The late John Henry Redwood’s bittersweet period piece comes to the Pico Playhouse in a nicely nuanced production.
Elizabeth – nicknamed Bess (Ruby Hinds) – and Quilly (Jolie Oliver) are middle-aged African-American sisters sharing an apartment in Harlem in 1943. Quilly, the younger, has come to live with Bess after parting ways with her husband in Brooklyn. Their relationship is strained; despite living together, they don’t seem to enjoy each other’s company very much.
Bess is awaiting the arrival of their new boarder, the rather bluntly-named Husband (John R. Davidson), who is coming to Manhattan from South Carolina in search of his erstwhile fiancé, Lou Bessie (Crystal Garrett). Quilly is shocked that her sister had rented the room to a man, and a young one at that, but Elizabeth assures her that they had corresponded at length first and the minister at their church vouched for him.
Husband arrives in a flurry and is immediately robbed of his luggage by a man who promised to “watch” it for him. Quilly scoffs at his naiveté, but Elizabeth feels a twinge of pity for the earnest young man. He’s gotten a lead on a restaurant that Lou Bessie may be waitressing in, so he rushes back out in search of her. Shortly after he leaves, the young woman shows up, looking for Husband. Now citified and carrying on an exaggerated air, she insists that her name is now Charmaine, and when she gets back together with Husband, he’ll be known as André.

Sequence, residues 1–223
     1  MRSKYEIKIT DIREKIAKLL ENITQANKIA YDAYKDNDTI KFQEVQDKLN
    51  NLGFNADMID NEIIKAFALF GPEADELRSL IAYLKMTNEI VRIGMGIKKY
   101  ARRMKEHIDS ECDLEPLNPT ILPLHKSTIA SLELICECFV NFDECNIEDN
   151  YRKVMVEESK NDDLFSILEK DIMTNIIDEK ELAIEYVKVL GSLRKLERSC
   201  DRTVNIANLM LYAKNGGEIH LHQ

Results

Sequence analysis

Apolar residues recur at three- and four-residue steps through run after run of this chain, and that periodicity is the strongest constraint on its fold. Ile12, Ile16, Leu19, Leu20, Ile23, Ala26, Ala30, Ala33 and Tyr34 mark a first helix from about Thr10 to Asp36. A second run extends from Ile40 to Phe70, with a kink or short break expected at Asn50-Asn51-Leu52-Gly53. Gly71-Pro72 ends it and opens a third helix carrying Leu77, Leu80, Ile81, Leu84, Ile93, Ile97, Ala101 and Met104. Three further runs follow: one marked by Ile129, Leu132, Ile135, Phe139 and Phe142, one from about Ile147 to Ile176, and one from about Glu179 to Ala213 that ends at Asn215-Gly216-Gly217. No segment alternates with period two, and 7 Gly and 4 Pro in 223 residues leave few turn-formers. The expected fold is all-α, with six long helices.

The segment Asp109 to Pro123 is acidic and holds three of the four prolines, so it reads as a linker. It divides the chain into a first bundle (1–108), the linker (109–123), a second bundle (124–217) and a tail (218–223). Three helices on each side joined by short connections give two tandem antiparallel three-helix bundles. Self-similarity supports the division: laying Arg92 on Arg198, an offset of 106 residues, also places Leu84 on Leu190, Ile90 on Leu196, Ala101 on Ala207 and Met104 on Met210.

Of course, when they finally do connect, they go out for a night on the town and Lou Bessie takes full advantage of the inheritance Husband had gotten when his doting mother died. As a matter of fact, he is at sea without his mother, clearly looking for a strong woman in his life to take her place. Distraught at being dumped by Lou Bessie at a downtown nightclub, he returns to the apartment early in the morning and sets his sights on the 50-something Elizabeth. He invites her out for a very late supper and a tentative romance begins to blossom. Of course, the requisite confrontations occur and long-buried secrets are revealed, but Redwood’s dialogue is rich and authentic – and there’s enough humor and emotional heft to keep the piece engaging.
Redwood wrote the strongest parts for the two leading women, and Hinds and Oliver fill the roles well. Hinds is excellent as Bess, the solemn, unmarried sister who is startled to find herself coming back to life in the presence of her young suitor. However, it’s Oliver’s Quilly that is the more complex part. At first smart-mouthed, world-weary and buffoonish, she gets the lion’s share of the laughs in the first act. By the second, though, she’s revealed many dimensions in the character, including a fierce devotion to her sister.
Davidson does the best he can with Husband, a character that’s essentially a naive Mama’s Boy. The scenes between him and Bess work because their motivations are made clear – both are fighting loneliness. And in Act II, when he comes into the apartment wearing the epitome of a swinging ’40s outfit, complete with conked hair (a fashion choice spurred on by the pretentious Lou Bessie), it’s a well-earned laugh. Lou Bessie is a rather one-dimensional, gold-digging type, but Garrett keeps her single-minded selfishness amusing.
Kudos go to director William Stanford Davis for bringing out the laughs and emotions in this simple but well-written piece.
Production values are also nice for this small westside playhouse. The Old Settler plays Friday and Saturday at 8 p.m. and Sunday at 3 p.m. through October 27. Reservations can be made online or by calling (323) 980-7712.